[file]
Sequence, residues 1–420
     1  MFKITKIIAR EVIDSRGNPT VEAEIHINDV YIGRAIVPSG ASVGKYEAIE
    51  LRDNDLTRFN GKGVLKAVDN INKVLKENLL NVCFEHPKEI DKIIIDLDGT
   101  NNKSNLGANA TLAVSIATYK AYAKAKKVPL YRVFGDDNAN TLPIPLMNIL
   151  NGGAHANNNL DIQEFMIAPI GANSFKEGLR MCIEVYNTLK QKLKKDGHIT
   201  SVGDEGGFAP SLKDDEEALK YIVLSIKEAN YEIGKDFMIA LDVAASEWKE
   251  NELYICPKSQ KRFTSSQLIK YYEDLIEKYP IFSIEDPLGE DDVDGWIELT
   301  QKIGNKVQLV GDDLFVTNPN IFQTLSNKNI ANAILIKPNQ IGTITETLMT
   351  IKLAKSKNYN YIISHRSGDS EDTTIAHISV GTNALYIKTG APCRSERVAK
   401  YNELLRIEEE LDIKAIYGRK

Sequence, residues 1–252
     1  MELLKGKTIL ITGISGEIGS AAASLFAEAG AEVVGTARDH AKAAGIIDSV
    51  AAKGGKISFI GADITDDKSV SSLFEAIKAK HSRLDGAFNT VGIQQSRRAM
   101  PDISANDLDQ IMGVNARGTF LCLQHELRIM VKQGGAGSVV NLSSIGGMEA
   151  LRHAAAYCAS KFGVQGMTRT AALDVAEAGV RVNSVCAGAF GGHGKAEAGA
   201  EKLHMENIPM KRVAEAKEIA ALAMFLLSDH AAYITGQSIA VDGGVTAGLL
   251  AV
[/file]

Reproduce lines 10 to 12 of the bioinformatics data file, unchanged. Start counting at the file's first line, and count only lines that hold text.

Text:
   401  YNELLRIEEE LDIKAIYGRK

Sequence, residues 1–252
     1  MELLKGKTIL ITGISGEIGS AAASLFAEAG AEVVGTARDH AKAAGIIDSV